Barcelona: Center Of The Textile Universe In 2011 (Part II)

Since ITMA 2003 in Birmingham, United Kingdom, there have been a lot of discussions within the
global textile industry, and among Western European machinery suppliers in particular, about
whether an ITMA in Europe still makes sense. It seems these discussions are over now. Reflecting on
the recent ITMA Europe in Barcelona, Spain, one can say this event is still the top performance
show for high-quality machinery, especially for nonwovens and technical textiles production.

Increasing Importance

It took quite a while to convince officials from ITMA owner CEMATEX (European Committee of
Textile Machinery Manufacturers) that nonwovens machinery is not a part of spinning equipment in
spite of the cards, which to some extent apply the same technology. Since ITMA 1999 in Paris,
nonwovens has had its own nomenclature in the ITMA catalog. And with its steady growth, this
important sector is today one, if not the, cornerstone of the Western textile industry. On top of
that, other fabric production machinery, such as that for woven and warp-knitted technical
textiles, is classified in the catalog in a much better way.

Even one decade ago, the nonwovens sector was rather a mass market. Those days are gone
forever, at least for durable and custom-made products. Today, there are two different nonwovens
manufacturing sectors: disposables including products such as feminine care products, wipes and
other one-use items; and tailor-made nonwovens, which are becoming more and more a specialized
niche market with a growing demand.

That’s one reason why high-quality nonwovens machinery is still produced mainly in Western
Europe, and particularly in Germany and France. There are companies such as Andritz Küsters GmbH,
Germany; NSC nonwoven (now Andritz Asselin-Thibeau), France; Trützschler Nonwovens GmbH, Germany;
and Andritz Perfojet, France, just to name a few — but also France-based Laroche S.A. with its
recycling equipment, which today is an important part of the nonwovens business.

DiloGroup, Germany, was the only ITMA exhibitor to present a complete nonwovens production
line, on which it ran fiber to show a number of newly developed characteristics. According to
DiloGroup Chairman Johann-Philipp Dilo, this line attracted some 3,500 visitors to the company’s
1,000-square-meter booth.


DiloGroup presented a complete nonwovens production line in its booth and ran fiber on it
to show a number of newly developed characteristics.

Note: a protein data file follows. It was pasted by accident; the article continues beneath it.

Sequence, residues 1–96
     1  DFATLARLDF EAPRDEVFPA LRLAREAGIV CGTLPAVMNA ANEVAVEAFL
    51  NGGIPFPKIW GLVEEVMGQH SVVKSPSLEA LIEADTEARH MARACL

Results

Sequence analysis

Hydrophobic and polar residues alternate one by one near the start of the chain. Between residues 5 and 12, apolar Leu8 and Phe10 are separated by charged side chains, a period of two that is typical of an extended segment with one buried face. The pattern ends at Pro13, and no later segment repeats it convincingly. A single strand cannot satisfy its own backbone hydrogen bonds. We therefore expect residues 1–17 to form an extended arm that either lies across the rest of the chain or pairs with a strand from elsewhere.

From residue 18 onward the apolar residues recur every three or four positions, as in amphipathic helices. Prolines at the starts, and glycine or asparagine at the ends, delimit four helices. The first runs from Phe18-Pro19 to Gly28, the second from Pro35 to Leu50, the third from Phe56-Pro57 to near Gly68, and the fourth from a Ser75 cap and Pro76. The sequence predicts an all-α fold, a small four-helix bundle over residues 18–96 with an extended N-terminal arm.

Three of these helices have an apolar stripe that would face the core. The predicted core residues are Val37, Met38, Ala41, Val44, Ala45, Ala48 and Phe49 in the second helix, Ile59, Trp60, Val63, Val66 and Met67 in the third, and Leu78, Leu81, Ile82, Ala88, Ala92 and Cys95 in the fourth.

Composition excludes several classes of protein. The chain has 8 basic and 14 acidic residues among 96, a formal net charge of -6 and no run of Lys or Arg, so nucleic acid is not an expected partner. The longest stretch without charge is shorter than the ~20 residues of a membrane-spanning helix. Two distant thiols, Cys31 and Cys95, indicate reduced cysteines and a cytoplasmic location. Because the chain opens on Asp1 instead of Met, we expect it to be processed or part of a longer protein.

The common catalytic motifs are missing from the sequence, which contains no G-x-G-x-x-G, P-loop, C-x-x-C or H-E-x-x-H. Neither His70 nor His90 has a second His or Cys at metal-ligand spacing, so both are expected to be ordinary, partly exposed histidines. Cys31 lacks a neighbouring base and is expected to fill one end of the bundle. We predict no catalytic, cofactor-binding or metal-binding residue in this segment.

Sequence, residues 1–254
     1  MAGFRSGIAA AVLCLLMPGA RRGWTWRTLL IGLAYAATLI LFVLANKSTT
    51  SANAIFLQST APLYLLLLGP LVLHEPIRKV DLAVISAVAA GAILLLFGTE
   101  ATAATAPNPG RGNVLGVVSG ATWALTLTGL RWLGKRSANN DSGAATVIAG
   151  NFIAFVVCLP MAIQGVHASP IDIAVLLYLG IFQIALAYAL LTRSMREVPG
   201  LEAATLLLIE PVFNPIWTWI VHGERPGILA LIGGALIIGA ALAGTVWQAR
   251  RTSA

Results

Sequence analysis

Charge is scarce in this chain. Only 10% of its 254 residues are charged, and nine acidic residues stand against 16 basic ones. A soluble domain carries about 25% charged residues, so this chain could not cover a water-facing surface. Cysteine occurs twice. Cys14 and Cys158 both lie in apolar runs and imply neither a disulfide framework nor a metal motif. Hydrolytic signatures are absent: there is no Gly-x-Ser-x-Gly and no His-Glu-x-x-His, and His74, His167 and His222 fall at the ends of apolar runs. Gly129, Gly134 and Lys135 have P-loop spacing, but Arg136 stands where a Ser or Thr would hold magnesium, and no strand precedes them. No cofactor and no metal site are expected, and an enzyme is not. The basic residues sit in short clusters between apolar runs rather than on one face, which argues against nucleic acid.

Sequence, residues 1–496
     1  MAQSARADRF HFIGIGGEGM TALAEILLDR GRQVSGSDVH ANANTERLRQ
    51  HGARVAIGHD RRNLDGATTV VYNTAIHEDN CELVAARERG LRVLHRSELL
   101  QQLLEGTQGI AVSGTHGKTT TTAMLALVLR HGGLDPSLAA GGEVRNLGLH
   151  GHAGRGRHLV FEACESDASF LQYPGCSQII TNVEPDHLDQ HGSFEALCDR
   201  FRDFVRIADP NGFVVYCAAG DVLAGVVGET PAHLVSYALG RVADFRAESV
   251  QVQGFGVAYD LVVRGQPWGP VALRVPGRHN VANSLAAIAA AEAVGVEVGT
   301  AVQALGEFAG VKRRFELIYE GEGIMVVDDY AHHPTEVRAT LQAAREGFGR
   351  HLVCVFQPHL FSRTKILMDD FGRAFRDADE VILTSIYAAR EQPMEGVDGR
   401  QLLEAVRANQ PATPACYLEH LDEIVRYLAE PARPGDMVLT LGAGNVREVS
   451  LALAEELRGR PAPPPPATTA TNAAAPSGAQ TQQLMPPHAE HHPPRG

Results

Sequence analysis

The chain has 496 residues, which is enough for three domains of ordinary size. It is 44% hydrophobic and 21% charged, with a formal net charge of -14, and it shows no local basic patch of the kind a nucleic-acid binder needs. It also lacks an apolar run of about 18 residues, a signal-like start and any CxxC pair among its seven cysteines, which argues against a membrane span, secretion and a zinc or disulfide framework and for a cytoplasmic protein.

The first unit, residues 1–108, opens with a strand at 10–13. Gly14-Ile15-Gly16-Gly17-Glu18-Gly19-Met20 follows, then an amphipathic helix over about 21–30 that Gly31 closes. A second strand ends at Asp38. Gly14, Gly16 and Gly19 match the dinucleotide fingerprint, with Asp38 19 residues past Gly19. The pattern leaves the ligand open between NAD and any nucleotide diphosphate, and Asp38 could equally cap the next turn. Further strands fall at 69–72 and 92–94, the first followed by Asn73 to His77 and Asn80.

Top products were the new Alphamix as well as suction, filtration and sound insulation
techniques from DiloTemafa; MultiFeed and MultiCard from DiloSpinnbau; and the Webguide of the
DiloLayer as well as the Isomation Process to produce a more consistent fiber mass flow and a more
even end product.

Of course, one must not forget weaving and warp knitting machines for technical textiles —
with labels such as Dornier, Karl Mayer and Sultex. The Sultex P7300HP projectile weaving machine
still plays a prominent role for technical textiles as well as polypropylene ribbons. All these and
other companies prominently exhibited their top products. Many confirmed that only at ITMA in
Europe would they show the high end of their production lines. For Asian fairs, the products
exhibited are mainly produced at their Far Eastern production sites.


The Sultex P7300HP produces fabrics of high quality, from all raw materials and for all
applications, as well as fabrics made of polypropylene ribbons.

Europe In The Foreground

Visitors for nonwovens and technical textiles came mainly from Western Europe and North and
Latin America. Visitors from India, Pakistan, Bangladesh, Turkey and the Middle East mainly were
looking at traditional textile manufacturing machinery. China was absent, which is no surprise
considering there are a lot of domestic events in China — in particular, ITMA Asia + CITME next
June in Shanghai.

The importance of European markets for technical fabrics and nonwovens is a fact. Marc
Wolpers, sales director, nonwovens, Trützschler Nonwovens, said his company is enjoying very good
business in Europe, particularly in the fields of filtration, automotive and hygiene products. It
is very difficult to get firm facts and figures for European nonwovens and industrial fabric